Wednesday, April 06, 2005

What is a work of art?


What constitutes a work of art?
I don't know. The Whitworth Art Gallery in Manchester England doesn't either - but they try to ask the question better, instead of simply answering it. What interests them is the question of authenticity (and originality) and its place in modern/contemporary art.

Aura and Authenticity is a collection of works that explore the concept of the originality and authorship of art.

The exhibition held at the Whitworth Art Gallery, Manchester until February 2006, raises the issue of the legitimacy of an artwork and the very definition of the genre.

It asks whether a reproduction can maintain the aura of the originals, and whether it is that aura or the perceived value from the fame of the artist which gives the work its value.

Through print, painting, drawing and artefacts, Aura and Authenticity explores the different types of value within a gallery environment, attempting to dispel the myths about what constitutes a work of art.
...

The exhibition is based on the work of the philosopher Walter Benjamin, whose essay The Work of Art in the Age of Mechanical Reproduction, questioned the value system of works of art in the light of new technology. Writing in 1936, he debated whether mechanically reproduced art can have aura even if the artist has never touched it.

(more about the exhibition : at the 24hourmuseum)

I get the impression that when art advances, some concentrate on the questions it left behind. What is the value of this? Maybe it is scarce, but then again, something quite new and surprizing could come out of analyzing Benjamin's interesting, but clearly historical and not contemporary, text and issues.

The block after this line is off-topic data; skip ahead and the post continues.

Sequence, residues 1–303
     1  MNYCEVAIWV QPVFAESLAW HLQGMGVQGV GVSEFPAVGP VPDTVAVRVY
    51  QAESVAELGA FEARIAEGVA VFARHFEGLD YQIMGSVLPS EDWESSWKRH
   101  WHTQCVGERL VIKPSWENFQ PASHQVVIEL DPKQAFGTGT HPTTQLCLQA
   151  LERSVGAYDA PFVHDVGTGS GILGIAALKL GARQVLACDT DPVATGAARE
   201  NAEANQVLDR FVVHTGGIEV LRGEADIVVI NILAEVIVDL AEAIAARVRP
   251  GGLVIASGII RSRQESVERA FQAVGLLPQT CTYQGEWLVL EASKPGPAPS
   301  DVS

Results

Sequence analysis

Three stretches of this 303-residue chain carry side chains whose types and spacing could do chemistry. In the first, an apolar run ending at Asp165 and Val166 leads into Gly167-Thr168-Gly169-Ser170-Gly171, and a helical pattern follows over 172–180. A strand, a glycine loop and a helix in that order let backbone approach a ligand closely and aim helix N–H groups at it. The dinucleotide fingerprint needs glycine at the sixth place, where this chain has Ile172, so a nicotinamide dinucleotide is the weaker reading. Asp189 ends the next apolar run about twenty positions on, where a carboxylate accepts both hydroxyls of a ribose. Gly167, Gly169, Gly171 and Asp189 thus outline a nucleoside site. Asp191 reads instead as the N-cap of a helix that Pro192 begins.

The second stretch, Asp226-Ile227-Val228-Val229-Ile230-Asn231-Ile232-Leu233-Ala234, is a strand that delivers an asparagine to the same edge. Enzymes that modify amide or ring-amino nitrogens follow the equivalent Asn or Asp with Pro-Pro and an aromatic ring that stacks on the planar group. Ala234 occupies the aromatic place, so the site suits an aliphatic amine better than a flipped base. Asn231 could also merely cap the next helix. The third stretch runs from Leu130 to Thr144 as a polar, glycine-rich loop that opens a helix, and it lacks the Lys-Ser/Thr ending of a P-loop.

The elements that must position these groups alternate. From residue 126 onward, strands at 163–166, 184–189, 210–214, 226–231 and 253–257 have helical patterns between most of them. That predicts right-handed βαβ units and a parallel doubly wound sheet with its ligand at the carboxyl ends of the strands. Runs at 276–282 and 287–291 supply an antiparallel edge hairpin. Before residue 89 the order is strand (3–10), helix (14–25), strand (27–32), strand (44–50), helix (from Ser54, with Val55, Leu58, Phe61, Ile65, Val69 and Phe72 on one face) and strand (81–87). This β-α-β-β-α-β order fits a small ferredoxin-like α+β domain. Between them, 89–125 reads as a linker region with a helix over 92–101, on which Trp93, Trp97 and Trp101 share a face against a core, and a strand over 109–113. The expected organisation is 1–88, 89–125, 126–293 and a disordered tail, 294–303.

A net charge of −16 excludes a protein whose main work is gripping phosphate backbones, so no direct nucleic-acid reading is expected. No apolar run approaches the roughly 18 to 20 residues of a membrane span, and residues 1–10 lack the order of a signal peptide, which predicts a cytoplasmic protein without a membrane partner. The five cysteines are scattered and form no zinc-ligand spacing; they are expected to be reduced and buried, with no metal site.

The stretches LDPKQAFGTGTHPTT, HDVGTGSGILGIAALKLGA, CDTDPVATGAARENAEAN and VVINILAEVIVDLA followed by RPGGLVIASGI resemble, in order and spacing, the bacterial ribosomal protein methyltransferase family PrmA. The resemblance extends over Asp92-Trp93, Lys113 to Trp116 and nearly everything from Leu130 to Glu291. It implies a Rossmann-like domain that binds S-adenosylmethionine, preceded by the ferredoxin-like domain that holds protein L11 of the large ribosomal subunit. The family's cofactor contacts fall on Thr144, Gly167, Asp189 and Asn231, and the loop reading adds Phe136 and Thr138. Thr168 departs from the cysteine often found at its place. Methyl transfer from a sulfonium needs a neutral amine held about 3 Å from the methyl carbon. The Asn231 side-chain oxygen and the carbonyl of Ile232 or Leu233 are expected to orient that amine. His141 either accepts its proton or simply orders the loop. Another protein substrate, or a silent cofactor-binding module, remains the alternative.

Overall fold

3 comments:

Brandon said...

I'm often annoyed by this topic. Not because I think it's unimportant, but because so often when a person questions whether or not something is art, what they really mean is whether or not it is good art.

However when it is taken seriously it is certainly and interesting topic. I'm particularly intrigued by the debate of mechanically created art. I am assuming that they are talking about a machine designed to completely create something, and not merely give the artist another method manipulation. I tend to think that it still would be art, as there is a creative process involved in designing a machine that can create.

A prime example is Raymond Scott (http://raymondscott.com/). He is primarily known as a jazz composer, but some of his lesser known accomplishments include a machine that creates sounds and rhythms and layers them on top of each other to make music. The artist is involved only in approving each sound layer before it is added. Scott was inspired to do this, partly because he believed that music is a mathematical art and should remain so. He strongly opposed improvization despite his jazz background. He came to the conclusion, that if music followed mathematical patterns, it shouldn't be difficult to build a calculating machine capable of creating its own music.

I think that the artistic theory that went into this combined with the act of creating it, and his creation of the machine and the rules it had to follow, make this machine's output the work of art that Scott intended it to be. Mechanically produced art still requires a creator to make the machine, and the creativity required to create such a machine makes said creator the artist.

Brandon said...

You know, I misread the article. They aren't talking about mechanically produced art. They are discussing mechanically reproduced art.

vvoi said...

your point is still strongly related the topic - mechanically produced works are also outside of what used to be considered art. benjamin in his essay announced the change - we were moving into the era of art that isn't directly created by the artist. says bejamin, in the mechanical era the work loses its "aura". because you can't link it directly to the person that made it, the connection becomes ambiguous.
the reproduction of art is just one example of this phenomenon. mechanically created art would be a broader term - and so you're on the spot. now, a mathematician will certainly say that a great mathematician will always be irreplaceable - he will think of things the machines couldn't dream of. namely, because they can't dream.

LinkWithin

Related Posts with Thumbnails